I’ve always disliked wasting food; I’ve also always had a dislike of most leftovers—they usually taste leftover!  Admittedly there are thing better on the second day—but that does not make them leftovers that I dislike.  It’s true leftover leftovers that I dislike so I’ve always looked for ways not to have them.  Frequently, that involves sharing the pot of soup with a friend and putting some in the freezer, because I am constitutionally incapable of making a small pot of soup!  Most of my neighbors understand about my “food crises”.

The implications of my dislike of leftovers and having too large a quantity of something was brought home to me recently when I was reading about sustainable agriculture.  In Just Food by James E. McWilliams was a discussion of the carbon footprint of food.  We typically think in “food-miles”, but he introduced the concept of “life-cycle assessment” which looked at the energy consumption of food production from seed to its appearance on the table.  There were some startling statistics there—the greatest energy consumption, according the studies cited by this author, is in production, not transportation.  What really hit me was the studies on food waste:  1.28 pounds per day per typical household (p. 28).  So?  I know I’m not a typical household, just me and the cat, but I had to wonder about the amount of waste from my food use. (Admittedly, the cat usually leaves the bits of carrot and onion from her tiny part of the beef stew, but let’s not get too picky here.)  I am interested in environmental responsibility, carbon footprint; so I need to waste less food.  How can I do that?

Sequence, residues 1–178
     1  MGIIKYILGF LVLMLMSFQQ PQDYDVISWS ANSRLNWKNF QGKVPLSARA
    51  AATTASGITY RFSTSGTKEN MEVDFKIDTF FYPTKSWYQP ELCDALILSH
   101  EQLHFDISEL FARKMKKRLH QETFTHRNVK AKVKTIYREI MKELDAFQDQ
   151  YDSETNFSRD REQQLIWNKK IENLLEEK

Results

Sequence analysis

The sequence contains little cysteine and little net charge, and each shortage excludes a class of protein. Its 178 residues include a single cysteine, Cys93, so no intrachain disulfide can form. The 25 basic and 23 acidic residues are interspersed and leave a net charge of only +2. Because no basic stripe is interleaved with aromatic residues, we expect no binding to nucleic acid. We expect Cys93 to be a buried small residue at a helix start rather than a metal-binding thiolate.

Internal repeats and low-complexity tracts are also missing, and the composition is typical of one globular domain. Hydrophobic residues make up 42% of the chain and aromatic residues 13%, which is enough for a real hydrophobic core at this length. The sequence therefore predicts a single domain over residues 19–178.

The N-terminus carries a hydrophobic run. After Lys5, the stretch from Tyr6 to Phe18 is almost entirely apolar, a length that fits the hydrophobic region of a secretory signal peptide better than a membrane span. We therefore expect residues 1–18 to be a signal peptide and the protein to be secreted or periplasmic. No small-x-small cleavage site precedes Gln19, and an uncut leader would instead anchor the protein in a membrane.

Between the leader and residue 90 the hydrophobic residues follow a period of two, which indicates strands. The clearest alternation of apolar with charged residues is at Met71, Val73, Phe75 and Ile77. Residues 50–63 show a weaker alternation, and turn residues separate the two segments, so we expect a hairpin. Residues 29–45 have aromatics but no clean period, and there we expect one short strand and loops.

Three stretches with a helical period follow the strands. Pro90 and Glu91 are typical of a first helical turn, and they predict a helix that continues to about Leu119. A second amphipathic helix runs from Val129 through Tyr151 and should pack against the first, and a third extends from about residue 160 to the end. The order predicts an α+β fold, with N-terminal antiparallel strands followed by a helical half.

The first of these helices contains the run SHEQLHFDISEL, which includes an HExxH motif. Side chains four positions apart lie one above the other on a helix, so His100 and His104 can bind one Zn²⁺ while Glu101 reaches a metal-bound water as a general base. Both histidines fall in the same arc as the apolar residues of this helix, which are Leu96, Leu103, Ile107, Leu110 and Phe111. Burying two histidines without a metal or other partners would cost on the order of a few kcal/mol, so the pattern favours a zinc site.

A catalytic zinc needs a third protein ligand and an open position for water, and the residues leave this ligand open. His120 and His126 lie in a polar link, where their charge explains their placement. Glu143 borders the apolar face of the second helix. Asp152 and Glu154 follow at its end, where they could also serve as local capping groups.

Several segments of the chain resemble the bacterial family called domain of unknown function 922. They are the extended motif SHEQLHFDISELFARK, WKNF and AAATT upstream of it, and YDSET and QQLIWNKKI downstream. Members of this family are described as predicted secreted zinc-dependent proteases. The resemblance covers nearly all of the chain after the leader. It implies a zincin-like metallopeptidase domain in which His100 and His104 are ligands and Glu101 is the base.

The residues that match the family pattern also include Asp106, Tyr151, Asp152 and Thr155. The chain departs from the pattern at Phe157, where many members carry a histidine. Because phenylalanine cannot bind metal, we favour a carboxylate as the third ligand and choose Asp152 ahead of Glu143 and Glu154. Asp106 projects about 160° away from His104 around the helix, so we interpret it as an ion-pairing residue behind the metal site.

Assuming that I cannot buy smaller quantities, I obviously must be more efficient in my use of whatever quantity I purchase.  So I need to do some “prep”, not just put what I don’t use into a plastic bag and put it in the refrigerator.  There are two primary causes of spoilage (changes in texture and flavor that make food inedible):  microbial action, and the plant’s own enzymes (On Food and Cooking, Harold McGee, p. 166).  Obviously just simple refrigeration is not enough for my rate of usage–in order to prolong the viability, I need to protect against microbial action and against the action of enzymes.  That would suggest at least blanching the extra green stuff (or any other color veggies) before I refrigerate or freeze them.  Not anything too time consuming in that.